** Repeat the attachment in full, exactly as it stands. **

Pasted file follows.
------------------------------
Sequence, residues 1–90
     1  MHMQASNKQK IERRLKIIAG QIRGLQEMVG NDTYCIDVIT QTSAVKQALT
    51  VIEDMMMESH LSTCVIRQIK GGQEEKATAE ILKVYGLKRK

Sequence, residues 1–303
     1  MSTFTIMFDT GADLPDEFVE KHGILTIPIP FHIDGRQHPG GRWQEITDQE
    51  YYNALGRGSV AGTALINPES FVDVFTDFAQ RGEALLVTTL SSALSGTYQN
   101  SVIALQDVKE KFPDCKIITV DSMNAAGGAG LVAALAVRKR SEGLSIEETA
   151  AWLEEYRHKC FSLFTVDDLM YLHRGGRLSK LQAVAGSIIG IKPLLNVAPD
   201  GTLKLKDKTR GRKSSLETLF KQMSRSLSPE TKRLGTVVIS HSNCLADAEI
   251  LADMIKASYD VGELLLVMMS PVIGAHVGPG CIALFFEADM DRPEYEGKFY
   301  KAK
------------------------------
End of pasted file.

Sequence, residues 1–90
     1  MHMQASNKQK IERRLKIIAG QIRGLQEMVG NDTYCIDVIT QTSAVKQALT
    51  VIEDMMMESH LSTCVIRQIK GGQEEKATAE ILKVYGLKRK

Sequence, residues 1–303
     1  MSTFTIMFDT GADLPDEFVE KHGILTIPIP FHIDGRQHPG GRWQEITDQE
    51  YYNALGRGSV AGTALINPES FVDVFTDFAQ RGEALLVTTL SSALSGTYQN
   101  SVIALQDVKE KFPDCKIITV DSMNAAGGAG LVAALAVRKR SEGLSIEETA
   151  AWLEEYRHKC FSLFTVDDLM YLHRGGRLSK LQAVAGSIIG IKPLLNVAPD
   201  GTLKLKDKTR GRKSSLETLF KQMSRSLSPE TKRLGTVVIS HSNCLADAEI
   251  LADMIKASYD VGELLLVMMS PVIGAHVGPG CIALFFEADM DRPEYEGKFY
   301  KAK